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|Title||Ghrelin, Leptin and Insulin in Type 2 Diabetic Patients in Gaza Strip|
Background: Recent studies on ghrelin in type 2 diabetes mellitus and its interactions with insulin or leptin is limited and controversial. However, it was shown that ghrelin and leptin recorded low and high levels, respectively with increasing insulin resistance. Clarifying and understanding of such tri-hormonal interplay in type 2 diabetes could be helpful in the intervention and control strategies of the disease. Objective: to assess ghrelin, leptin and insulin in type 2 diabetic patients in Gaza Strip. Materials and Methods: This case-control study comprised 80 diabetic patients selected from different Gaza Strip hospitals and diabetic clinics and 80 healthy controls. Controls and cases were matched for age and sex. Questionnaire interviews were applied. Serum ghrelin, leptin, insulin, glucose, cholesterol, triglycerides, high density lipoprotein cholesterol (HDL-C), low density lipoprotein cholesterol (LDL-C), urea and creatinine were determined. Data were analyzed using SPSS version 18.0. Results: The mean ages of controls and cases were 49.8±6.5 and 51.7±7.0 years, respectively. Family history was found to be associated with diabetes. The number of diabetic patients who ate 3 and ≥ 4 meals/day were about twice higher than controls. Although half of patients had diabetes since less than 5 years, the majority of them had blood glucose test once/month, reflecting inadequate blood glucose monitoring. The most common self-reported complications among diabetic patients were retinopathy, neuropathy and cardiovascular disease. The prevalence of such complications were positively associated with the duration of diabetes. Body mass index of cases was significantly higher than that of controls. Serum glucose and insulin levels were significantly higher in diabetic patients than controls (187.4±74.1 and 28.8±23.9 vs. 98.3±17.0 and 18.8±13.5, % difference=62.4 and 42.0, P=0.000 and P=0.025). Serum leptin showed no significant increase in diabetic patients compared to controls (7.1±2.7 vs. 5.9±2.2 ng/ml, % difference=18.5 and P= 0.081) whereas ghrelin was significantly lower in patients (1189±580 vs.1531±822 pg/ml, % difference=25.1 and P=0.038). The mean level of triglyceride was significantly higher in patients compared to controls (212.5±78.9 vs. 143.2±50.4 % difference=39.0 and P=0.000). In addition, urea showed no significant increase in patients (33.5±11.0 vs. 28.3±13.3, % difference=16.8 and P=0.059). The Pearson correlation test showed positive significant correlation of BMI with triglycerides (r=0.228, P=0.044). Insulin showed positive correlations with glucose, triglycerides and leptin (r=0.286, r=0.224 and r=0.187, respectively). However, this positive correlation was significant for glucose and triglycerides (P=0.011, P=0.049, respectively). On the other hand, ghrelin showed negative not significant correlation with insulin (r=-0.213 and P=0.057). Conclusion: serum insulin and leptin levels were increased in diabetic patients compared to controls whereas ghrelin was decreased in patients. Insulin was positively correlated with leptin and negatively correlated with ghrelin confirming the tri-hormonal interplay in diabetes.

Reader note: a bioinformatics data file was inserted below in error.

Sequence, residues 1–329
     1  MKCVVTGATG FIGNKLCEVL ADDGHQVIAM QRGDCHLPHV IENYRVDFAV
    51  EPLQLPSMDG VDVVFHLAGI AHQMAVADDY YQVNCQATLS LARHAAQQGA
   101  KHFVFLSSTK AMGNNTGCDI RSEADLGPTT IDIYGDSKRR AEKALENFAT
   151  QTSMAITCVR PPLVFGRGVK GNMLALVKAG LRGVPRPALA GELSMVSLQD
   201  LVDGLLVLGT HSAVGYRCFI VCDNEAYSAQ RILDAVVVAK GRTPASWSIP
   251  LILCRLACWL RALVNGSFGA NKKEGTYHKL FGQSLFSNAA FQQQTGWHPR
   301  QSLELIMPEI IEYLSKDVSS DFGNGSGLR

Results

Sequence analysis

|Publisher||الجامعة الإسلامية - غزة|
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